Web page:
- It has to be very similar to the environement of KSP. The IA is going to learn how things are going in the environement it has trained in. But if the envrionement in then moves around in changes a bit, I'm afraid it would get totally lost That's more related to the way machine learning models work, they are very sensitive to this kind of change. Usually, we try to avoid this as much as possible. But, since I'm only using altitude, speed and throttle at this point, it might as well be possible. The big issue might be when trying to scale this up. Bascially I'm going to have to make KSP from scratch if I want to do this ^^ It could also be an intersting benchmark to test the machine learning model itself, not necessarily to train it for KSP, but just to see that in this environement, it does learn properly. Because right now, I don't know my problem actually is a lack of data. It might be, but it might also not be.

But the big benefit is indeed that once it's working, it would speed up training by multiple orders of magnitude. (And not to say it probably would be a great excercise for me to try to implement that)

The idea is quite tempting, at least for this easy first case. I'll have a more in depth look at what it would take to do this, because on paper it is a good idea, and I'll let you guys know. 

(I just have a thesis to finish at the moment, I'm not sure I'm going to have a lot of time to devote to this unfortunately)

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I'm a bit late to the game here, but here are my thoughts:

  • Evolutionary algorithms take up a lot of generations. Given that making it to orbit takes a few minutes, testing parameters over hundreds of launches can take weeks.
  • It's already fun in kRPC to build a PID controller and see it control your rocket!
  • Once you have your PID controllers working, work on a launch platform where your pitch angle is a function of... something. Time, altitude, velocity? You pick. And then use machine learning to figure out what the right parameter for your function (say, 1.2° per 1000m) is?

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I had similar thought. Teaching AI anything takes time. Teaching it something really complicated takes an awful lot of time. But what if we cut the lesson into smaller pieces? For example: first teach the AI how to launch vertically - let it learn how to control thrust and steering to reach maximum altitude possible. When AI masters this task, teach it how to reach maximum distance from the point of launch. At one point it should be able to hit the jackpot and circularise at 70 km. :)

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On 5/14/2019 at 11:09 AM, Kerbart said:

I'm a bit late to the game here, but here are my thoughts:

  • Evolutionary algorithms take up a lot of generations. Given that making it to orbit takes a few minutes, testing parameters over hundreds of launches can take weeks.
  • It's already fun in kRPC to build a PID controller and see it control your rocket!
  • Once you have your PID controllers working, work on a launch platform where your pitch angle is a function of... something. Time, altitude, velocity? You pick. And then use machine learning to figure out what the right parameter for your function (say, 1.2° per 1000m) is?

Well, that's basically what I'm doing already, kRPC is controlling everything, and the only parameter is throttle for the moment. Pitch will come later, when I'll have something working for just thrust. This is more of a test bench to see if it can actually work.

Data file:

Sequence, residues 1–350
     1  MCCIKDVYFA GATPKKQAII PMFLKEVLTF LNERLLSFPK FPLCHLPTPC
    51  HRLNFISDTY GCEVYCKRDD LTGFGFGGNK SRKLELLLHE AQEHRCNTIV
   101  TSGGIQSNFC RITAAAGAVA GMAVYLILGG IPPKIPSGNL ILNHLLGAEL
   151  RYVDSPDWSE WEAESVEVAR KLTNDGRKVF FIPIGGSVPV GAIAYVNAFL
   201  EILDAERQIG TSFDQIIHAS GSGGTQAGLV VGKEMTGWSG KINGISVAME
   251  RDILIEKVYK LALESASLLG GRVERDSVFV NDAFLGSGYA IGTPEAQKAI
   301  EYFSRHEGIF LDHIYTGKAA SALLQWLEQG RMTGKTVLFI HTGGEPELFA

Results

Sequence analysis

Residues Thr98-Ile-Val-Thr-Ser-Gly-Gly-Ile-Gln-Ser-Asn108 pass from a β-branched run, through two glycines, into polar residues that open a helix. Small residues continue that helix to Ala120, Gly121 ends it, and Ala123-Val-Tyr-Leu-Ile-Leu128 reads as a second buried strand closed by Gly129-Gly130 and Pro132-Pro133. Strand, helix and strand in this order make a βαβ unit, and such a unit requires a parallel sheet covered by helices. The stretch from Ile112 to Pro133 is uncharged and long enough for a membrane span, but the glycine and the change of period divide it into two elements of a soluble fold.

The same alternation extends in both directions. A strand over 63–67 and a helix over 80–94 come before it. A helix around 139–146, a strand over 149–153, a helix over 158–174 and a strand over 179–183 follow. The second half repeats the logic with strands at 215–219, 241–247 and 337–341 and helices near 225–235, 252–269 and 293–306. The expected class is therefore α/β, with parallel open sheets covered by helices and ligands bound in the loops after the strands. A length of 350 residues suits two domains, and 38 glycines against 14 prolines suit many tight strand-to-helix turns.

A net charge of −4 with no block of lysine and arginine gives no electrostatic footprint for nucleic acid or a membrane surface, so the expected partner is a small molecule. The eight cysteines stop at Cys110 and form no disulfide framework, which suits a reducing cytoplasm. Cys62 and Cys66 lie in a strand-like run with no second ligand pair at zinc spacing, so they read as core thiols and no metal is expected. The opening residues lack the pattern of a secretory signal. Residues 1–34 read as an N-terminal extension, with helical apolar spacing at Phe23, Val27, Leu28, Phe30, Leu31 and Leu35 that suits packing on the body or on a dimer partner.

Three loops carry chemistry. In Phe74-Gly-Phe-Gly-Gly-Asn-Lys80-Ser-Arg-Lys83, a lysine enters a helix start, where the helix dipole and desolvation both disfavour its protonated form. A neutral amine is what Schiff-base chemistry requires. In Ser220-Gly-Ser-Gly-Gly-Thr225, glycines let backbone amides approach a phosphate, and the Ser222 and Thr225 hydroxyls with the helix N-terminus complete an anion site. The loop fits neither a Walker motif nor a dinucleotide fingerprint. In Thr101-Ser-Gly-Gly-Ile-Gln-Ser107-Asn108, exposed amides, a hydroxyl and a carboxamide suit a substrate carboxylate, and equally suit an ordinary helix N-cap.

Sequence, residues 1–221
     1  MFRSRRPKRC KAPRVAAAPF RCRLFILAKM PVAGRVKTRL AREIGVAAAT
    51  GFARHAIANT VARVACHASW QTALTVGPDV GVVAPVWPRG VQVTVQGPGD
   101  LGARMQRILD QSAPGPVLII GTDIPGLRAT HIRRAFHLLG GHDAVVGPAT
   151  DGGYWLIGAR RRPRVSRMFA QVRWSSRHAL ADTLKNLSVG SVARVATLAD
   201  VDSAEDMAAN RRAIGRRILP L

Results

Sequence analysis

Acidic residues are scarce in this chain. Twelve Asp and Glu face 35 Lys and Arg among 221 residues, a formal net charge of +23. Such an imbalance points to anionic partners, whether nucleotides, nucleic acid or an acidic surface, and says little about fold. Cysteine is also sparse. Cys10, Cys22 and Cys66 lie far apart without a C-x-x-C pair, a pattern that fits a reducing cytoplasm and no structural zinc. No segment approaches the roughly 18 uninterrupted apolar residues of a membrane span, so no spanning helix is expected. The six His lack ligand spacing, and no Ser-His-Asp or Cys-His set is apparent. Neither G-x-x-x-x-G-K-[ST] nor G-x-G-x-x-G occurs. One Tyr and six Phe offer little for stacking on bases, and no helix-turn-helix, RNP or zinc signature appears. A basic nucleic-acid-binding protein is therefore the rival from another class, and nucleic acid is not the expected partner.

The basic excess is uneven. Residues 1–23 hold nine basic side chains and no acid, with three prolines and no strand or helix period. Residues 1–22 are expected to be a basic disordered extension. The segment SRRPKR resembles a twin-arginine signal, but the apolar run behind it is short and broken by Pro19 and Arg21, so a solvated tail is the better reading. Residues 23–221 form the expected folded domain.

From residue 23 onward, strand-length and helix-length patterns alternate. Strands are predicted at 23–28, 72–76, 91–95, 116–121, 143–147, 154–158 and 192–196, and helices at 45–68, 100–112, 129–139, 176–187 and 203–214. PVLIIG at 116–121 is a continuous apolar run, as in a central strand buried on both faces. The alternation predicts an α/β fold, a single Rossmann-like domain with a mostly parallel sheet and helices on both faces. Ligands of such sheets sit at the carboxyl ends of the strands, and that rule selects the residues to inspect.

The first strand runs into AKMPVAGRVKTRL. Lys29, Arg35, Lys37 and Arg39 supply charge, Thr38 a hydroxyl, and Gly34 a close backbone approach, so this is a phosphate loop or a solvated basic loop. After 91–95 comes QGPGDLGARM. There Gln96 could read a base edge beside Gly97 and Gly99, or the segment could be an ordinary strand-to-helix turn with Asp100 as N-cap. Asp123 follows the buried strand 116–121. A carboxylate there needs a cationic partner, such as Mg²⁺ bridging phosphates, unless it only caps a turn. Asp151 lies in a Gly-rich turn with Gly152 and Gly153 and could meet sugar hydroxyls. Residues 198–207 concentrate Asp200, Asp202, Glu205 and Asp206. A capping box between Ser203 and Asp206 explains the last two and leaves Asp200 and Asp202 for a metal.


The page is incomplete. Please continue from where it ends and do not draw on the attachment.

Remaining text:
And, it's not *really* an evolutionary alogrithm, that works a bit differently, but the point about data is still pretty much the same. That is the biggest problem I have at the moment.

On 5/14/2019 at 2:24 PM, Scotius said:

I had similar thought. Teaching AI anything takes time. Teaching it something really complicated takes an awful lot of time. But what if we cut the lesson into smaller pieces? For example: first teach the AI how to launch vertically - let it learn how to control thrust and steering to reach maximum altitude possible. When AI masters this task, teach it how to reach maximum distance from the point of launch. At one point it should be able to hit the jackpot and circularise at 70 km. :)

Again, tha'ts why I'm only trying to teach it to throttle, going straight up, for only 7/8 seconds ;)

And I don't think I'll be able to tranfer the learning just as easily to be honest.

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Just like teaching a human child something, eh? :) Or maybe rather training a dog.

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6 hours ago, Scotius said:

Just like teaching a human child something, eh? :) Or maybe rather training a dog.

Well, this analogy works but only up to a certain way. Humans are stupidly efficient in the way they learn compared to even the best of the articifical intelligence that we can make today. So, at the level where I am trying to make this, it's really super basic things. I think we should keep in mind these are analogies, that are good at explaining the big picture when first trying to understand these concepts, but that rapidly become ireelevant when trying to build or debug implementations of these algorithms.

At the moment, the issue I have is more on getting enough data, and being sure that my model is actually learning what I want it to, so this starts really being outside of the boundaries of such an analogy.

But again, these are great for explaining in simple terms how in general machine learning works! But we should be very careful not to push the analogy too far, that becomes anthropomorphism, which is starting to become irrelevant. There's still so much to do before we can even consider AIs to be really learning like humans. Even more in my case: this is really a dumb program, it's basically trying to find correlations and a local minima of 3 (for the moment) different data parameters.

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Posted (edited)